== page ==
This wobble is the ultimate cosmic clock, but it defines position more easily than it defines time. Like the seasons for migrations of birds and beasts, the cosmic mill has carried its own seasonal attributes. The famous Denderah zodiac treats the subject of the precession of the equinoxes as an eternal message which is the sacred manna from heaven. The precession has the disturbing effect of shifting the heavens so that the stars revolve around the annual change in seasons. We recognize the stars of summer as Sagittarius and Scorpio, and the stars of winter as Gemini, Orion, and Taurus. Thirteen thousand years ago, the stars of summer were in the winter skies while the stars of winter were in the summer skies. Human beings learned very early that the seasonal stars are good for many lifetimes, but eventually they cannot be used for migration. Instead, it was necessary to "correct" the positions of the seasonal stars in order to achieve a proper order to life on earth.

This is the way to go.In the simple act of fulfilling the daily and seasonal needs of life, a Teacher of Righteousness was born. This Teacher of Righteousness is the raw instinctive recognition capacity of the physical organism. In the life of a bird, the learning process is essentially independent of the precession. Even an ancient human life did not need to be overly concerned about precession. However, when traditional educational processes were developed, it became clear that something was incorrect. Many cultures abandoned their older sacred sites as the seasonal stars precessed around the tropical year in favor of newer sacred sites. Designed within these sites were the code to determine the length of the complete precessional year, or more specifically the position within the Platonic year. That code is the essence of the legends and myths described in Hamlet's Mill.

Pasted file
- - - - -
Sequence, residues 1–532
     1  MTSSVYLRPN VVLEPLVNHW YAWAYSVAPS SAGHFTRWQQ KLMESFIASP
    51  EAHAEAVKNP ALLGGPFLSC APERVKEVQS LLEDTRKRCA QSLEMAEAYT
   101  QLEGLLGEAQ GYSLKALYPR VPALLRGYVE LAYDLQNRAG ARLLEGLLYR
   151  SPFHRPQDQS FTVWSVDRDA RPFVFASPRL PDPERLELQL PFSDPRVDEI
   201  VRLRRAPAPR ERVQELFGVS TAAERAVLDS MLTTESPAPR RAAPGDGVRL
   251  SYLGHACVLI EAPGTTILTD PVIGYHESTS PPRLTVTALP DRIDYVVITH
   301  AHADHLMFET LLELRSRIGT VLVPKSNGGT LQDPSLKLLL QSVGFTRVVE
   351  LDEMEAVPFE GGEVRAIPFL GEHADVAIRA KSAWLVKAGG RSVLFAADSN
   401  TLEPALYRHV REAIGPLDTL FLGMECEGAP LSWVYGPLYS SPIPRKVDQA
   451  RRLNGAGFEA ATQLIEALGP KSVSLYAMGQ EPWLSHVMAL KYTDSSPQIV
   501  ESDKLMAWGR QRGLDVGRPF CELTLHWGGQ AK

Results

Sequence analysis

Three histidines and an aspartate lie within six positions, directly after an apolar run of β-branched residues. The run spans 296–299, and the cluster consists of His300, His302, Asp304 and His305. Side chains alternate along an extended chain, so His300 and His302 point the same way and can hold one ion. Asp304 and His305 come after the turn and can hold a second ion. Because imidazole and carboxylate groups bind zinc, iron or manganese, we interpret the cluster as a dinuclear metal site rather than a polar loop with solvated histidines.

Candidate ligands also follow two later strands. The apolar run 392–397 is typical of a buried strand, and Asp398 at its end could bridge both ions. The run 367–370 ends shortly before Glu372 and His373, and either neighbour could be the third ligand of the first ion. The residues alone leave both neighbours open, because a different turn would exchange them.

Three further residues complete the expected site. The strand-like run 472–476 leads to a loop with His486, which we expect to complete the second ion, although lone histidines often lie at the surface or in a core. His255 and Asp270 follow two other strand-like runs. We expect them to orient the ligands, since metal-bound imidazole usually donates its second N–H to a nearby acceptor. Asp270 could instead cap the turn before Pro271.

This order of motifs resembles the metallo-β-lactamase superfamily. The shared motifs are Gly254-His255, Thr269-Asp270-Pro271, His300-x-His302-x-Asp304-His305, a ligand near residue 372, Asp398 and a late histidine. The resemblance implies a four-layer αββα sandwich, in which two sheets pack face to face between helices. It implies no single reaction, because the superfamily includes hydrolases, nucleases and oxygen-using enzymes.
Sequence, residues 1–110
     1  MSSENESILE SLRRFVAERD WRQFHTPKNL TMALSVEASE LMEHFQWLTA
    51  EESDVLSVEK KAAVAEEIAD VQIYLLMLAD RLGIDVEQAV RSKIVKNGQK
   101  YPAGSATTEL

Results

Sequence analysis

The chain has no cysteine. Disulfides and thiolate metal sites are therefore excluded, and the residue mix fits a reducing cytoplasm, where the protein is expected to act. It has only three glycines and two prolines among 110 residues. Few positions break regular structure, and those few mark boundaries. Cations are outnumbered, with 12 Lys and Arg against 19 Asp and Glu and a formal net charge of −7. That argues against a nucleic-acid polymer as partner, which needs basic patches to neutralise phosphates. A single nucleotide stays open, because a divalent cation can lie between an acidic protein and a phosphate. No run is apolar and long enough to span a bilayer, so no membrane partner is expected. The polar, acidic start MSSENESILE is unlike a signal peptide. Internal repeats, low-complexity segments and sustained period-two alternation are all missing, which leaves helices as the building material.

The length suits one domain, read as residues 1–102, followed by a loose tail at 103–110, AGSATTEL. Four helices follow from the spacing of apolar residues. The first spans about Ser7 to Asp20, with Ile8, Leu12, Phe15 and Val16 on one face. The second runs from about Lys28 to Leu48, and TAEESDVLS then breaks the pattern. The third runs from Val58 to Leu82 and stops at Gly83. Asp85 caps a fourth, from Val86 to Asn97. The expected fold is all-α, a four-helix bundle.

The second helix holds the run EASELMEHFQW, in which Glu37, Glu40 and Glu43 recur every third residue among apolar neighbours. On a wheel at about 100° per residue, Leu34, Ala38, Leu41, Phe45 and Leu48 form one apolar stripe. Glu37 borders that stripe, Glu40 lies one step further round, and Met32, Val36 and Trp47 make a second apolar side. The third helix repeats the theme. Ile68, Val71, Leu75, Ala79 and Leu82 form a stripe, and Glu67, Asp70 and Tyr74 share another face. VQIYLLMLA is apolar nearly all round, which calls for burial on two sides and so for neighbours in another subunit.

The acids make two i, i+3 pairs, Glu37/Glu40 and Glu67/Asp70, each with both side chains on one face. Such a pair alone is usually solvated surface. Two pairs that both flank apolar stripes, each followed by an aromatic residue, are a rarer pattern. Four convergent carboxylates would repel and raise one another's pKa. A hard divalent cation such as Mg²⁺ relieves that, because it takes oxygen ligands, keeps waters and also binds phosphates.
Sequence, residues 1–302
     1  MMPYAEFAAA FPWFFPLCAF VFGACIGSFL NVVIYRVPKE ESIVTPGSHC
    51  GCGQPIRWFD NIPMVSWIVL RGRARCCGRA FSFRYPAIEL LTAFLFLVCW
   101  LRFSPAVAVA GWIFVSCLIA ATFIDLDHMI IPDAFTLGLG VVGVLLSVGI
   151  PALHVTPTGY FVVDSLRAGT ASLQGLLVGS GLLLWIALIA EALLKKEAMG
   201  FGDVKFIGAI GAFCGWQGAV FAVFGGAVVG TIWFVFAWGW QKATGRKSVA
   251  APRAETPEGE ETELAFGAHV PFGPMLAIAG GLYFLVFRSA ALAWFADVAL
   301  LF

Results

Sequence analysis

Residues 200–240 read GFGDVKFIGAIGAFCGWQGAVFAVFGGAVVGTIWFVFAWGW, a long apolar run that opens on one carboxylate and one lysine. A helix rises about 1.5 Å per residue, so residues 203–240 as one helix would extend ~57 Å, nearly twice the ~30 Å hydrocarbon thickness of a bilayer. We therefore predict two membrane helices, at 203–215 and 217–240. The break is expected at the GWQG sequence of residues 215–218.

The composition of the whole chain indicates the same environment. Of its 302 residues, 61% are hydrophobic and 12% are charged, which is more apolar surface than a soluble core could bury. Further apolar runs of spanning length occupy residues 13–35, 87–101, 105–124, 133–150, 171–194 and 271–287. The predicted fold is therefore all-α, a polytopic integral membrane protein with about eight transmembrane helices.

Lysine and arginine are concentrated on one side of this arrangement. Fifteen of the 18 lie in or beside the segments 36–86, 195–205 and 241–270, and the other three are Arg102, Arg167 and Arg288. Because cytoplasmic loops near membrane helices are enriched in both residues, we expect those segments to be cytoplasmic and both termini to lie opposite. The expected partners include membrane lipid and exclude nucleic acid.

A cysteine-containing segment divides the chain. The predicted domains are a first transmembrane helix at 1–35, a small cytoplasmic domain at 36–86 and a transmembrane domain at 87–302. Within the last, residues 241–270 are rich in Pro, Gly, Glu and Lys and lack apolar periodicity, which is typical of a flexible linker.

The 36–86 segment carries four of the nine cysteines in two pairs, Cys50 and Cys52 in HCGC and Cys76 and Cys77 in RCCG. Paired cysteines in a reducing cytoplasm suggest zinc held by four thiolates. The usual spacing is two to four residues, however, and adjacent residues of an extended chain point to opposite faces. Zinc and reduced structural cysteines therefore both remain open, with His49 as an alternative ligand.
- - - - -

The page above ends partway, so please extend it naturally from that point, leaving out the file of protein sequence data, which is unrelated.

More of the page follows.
Thus, it is on a wing and a prayer that we initiate this string on astro-archaeology. It is our hope to establish the sources of all the astronomically based divination systems of our modern world. If successful, then the view from the future where we stand today will not be so bleak as we look back into the past. Our ancestors we very intelligent people. They had to be. In their world, a mistake was an opportunity to be some other creatures lunch, or a chance to starve to death on some frozen tundra. Ritual was the most effective way to pass on the survival skills in a world where traditions fade with the dawning of each New Age.